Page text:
Get the Facts Before Buying a Timeshare
Have you ever vacationed somewhere warm and said to yourself, “I want to do this every year! Maybe I should buy a timeshare!”? While the idea of purchasing a timeshare may sound enticing, there are often a host of headaches and problems with timeshare ownership, including higher-than-anticipated costs and difficulties reselling it.
Timeshares typically come in two forms—deeded and right-to-use. With a deeded timeshare, you own part of the property, which is usually a particular unit for a specific time each year (e.g., ¼ of unit A). Depending on the contract, you may buy the timeshare for a definite number of years, for life, or until you decide to sell it. With a right-to-use timeshare, you acquire the right to use a property from a developer, but you don’t actually “own” the property.
Fees. Besides the upfront cost of a timeshare, which may be tens of thousands of dollars, timeshares come with all sorts of extra fees. For example, you may be responsible for yearly maintenance fees, special assessments, property taxes, and/or utility expenses, regardless of whether you use the property. If you don’t pay the fees, you may face foreclosure.
Scheduling vacation time. You may not always get the dates you want. The best times often fill up quickly, and you may be stuck with an undesirable time at your resort.
Foreign countries have different laws. When you purchase a timeshare that is outside of the United States, you are not protected by United States laws. Foreign countries’ consumer protection laws are not always as robust as those in the United States. Minnesota law gives the Minnesota Department of Commerce authority to regulate the sale and marketing of subdivided land, which includes timeshares, in Minnesota. In general, sellers of subdivided land must register the land interest with the Department of Commerce and obtain a real estate broker or salesperson license from the Department of Commerce before making any offers or sales in the state. They must also file a report on the subdivided land interest with the Department of Commerce every year thereafter. If you buy a timeshare somewhere outside of Minnesota, the laws of that state or country will apply. These laws may vary from Minnesota and may have different legal standards regarding, among other things, notice requirements, ability to sell or dispose of a timeshare interest, and maintenance fees.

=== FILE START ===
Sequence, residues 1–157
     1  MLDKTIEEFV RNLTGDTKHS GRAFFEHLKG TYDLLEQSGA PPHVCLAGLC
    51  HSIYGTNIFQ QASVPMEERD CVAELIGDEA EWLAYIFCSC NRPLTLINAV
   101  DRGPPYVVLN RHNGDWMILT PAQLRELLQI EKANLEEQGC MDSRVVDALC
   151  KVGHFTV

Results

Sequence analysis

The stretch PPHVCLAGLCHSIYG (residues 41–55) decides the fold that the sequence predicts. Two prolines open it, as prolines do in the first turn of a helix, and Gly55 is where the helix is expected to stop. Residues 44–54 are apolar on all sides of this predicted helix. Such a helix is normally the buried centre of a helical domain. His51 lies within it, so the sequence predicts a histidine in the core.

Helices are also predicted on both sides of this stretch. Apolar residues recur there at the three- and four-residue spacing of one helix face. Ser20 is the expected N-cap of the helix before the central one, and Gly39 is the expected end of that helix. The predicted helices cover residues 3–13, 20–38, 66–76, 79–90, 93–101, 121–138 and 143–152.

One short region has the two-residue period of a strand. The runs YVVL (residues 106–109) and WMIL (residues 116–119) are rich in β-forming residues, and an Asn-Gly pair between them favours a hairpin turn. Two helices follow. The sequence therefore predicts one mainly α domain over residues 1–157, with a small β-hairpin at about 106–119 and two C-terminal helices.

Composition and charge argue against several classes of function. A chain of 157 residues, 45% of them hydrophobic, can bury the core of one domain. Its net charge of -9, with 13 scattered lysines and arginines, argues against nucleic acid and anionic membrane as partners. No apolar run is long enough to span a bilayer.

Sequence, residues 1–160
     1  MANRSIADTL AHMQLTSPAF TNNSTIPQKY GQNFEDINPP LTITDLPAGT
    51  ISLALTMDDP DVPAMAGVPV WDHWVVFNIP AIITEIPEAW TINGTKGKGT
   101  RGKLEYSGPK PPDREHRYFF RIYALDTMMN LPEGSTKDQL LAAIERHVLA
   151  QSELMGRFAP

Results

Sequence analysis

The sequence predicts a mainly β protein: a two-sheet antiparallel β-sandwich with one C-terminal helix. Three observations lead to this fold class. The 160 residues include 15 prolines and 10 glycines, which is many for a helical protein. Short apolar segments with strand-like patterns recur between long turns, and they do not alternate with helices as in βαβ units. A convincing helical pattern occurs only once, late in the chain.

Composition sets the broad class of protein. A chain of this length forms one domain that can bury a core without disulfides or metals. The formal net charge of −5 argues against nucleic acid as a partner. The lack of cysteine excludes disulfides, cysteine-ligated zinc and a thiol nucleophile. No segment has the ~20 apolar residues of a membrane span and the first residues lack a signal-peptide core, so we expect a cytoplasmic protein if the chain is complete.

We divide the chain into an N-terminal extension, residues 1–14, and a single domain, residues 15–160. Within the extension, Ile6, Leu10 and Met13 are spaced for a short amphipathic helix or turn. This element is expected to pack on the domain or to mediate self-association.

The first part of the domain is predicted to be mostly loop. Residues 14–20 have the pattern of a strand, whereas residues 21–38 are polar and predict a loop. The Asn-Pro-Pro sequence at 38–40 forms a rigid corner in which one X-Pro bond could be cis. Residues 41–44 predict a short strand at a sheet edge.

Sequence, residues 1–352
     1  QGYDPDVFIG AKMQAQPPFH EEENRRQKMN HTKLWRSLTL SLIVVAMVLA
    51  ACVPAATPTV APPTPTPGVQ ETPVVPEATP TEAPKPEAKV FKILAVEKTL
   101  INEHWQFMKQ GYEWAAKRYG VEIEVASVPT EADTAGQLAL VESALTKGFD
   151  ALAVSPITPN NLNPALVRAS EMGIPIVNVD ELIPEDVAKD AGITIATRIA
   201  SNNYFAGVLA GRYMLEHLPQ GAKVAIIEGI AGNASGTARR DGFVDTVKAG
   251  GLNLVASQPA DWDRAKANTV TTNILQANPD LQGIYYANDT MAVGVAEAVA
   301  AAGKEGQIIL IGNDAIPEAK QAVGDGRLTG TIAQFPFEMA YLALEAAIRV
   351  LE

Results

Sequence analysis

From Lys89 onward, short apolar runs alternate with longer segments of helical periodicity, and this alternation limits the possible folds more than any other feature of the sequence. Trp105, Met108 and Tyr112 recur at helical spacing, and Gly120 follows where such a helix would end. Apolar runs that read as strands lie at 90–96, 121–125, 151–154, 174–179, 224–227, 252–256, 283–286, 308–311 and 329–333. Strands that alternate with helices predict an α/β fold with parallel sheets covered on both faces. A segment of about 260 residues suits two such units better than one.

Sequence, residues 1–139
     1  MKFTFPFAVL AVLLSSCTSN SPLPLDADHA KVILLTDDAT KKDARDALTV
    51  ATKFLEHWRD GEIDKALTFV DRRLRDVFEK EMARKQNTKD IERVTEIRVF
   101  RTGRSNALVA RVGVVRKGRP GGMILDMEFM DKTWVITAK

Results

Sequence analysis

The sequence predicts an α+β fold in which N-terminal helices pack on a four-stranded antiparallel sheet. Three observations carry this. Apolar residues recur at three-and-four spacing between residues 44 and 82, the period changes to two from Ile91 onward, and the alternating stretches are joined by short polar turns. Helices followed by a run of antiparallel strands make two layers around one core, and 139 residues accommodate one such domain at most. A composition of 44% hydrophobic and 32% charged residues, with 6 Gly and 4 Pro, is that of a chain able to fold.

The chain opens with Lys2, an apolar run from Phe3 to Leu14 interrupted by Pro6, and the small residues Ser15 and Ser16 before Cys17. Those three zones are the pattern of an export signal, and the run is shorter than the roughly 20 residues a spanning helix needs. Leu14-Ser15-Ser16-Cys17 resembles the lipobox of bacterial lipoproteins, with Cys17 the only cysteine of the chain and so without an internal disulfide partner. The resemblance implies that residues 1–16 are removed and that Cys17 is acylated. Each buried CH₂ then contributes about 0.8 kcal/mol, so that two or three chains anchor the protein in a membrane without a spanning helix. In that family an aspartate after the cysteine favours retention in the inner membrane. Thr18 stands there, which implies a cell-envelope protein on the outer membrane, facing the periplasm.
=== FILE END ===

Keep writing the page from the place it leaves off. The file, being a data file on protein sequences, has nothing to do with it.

Difficult to sell. Timeshares are notoriously hard to sell. Lots of timeshares are on the market, and consumers often have to sell their timeshares at a loss. Even then, it can sometimes take years to unload a timeshare.
Timeshare scams. The market is filled with scammers who say they can sell your timeshare for a good price. They usually ask for money upfront and then never sell your timeshare.
Things to Consider
Timeshares are not investments. Don’t view purchasing a timeshare as an investment. Buying a timeshare is more like buying a car than a home. Timeshares usually go down in value after you buy them.
Borrowing money. Since they depreciate in value so quickly, banks usually won’t lend you money to buy a timeshare. Developers will often arrange financing, but often at high interest rates.
Rent vs. buy. Do some math before you sign a contract for a timeshare. Calculate the cost of renting similar accommodations each year. Renting is often cheaper and doesn’t lock you into a long-term contract.
High-pressure sales. Don’t be swayed by high-pressure sales tactics. Talk to a lawyer or real estate professional before signing anything. Also, make sure to ask about your right to cancel a contract.
Contact the Federal Trade Commission (“FTC”). The FTC is a federal consumer protection agency and provides a publication with tips for buying and selling timeshares. You can also file a complaint with the FTC if you think a timeshare seller is engaging in deceptive or unfair business practices.
Federal Trade Commission
Consumer Response Center
600 Pennsylvania Avenue NW
Washington, DC 20580
TTY: (866) 653-4261
Contact the Minnesota Department of Commerce. The Department of Commerce registers and regulates the sale and marketing of subdivided land, which includes timeshares, in Minnesota.
Minnesota Department of Commerce
85 7th Place East, Suite 280
St. Paul, MN 55101
Contact the Minnesota Attorney General’s Office. For more information or to file a complaint, contact the Office of Minnesota Attorney General Lori Swanson.
Office of Minnesota Attorney General Lori Swanson
445 Minnesota Street, Suite 1400
St. Paul, MN 55101
(651) 296-3353 (Twin Cities Calling Area)
(800) 657-3787 (Outside the Twin Cities)
TTY: (651) 297-7206 or TTY: (800) 366-4812
Avoid Timeshare Resale Scams
By one estimate, over 8 million Americans own a timeshare. When timeshare owners attempt to sell their timeshare, they often find it more difficult to sell than it was to purchase. Scammers—masquerading as legitimate companies—seek to take advantage of this.
Vacation Travel Packages
The Minnesota Attorney General’s Office urges consumers to safeguard themselves from deceptive vacation packages. Although many legitimate packages exist, misleading vacation packages can coax consumers into an experience far below their expectations.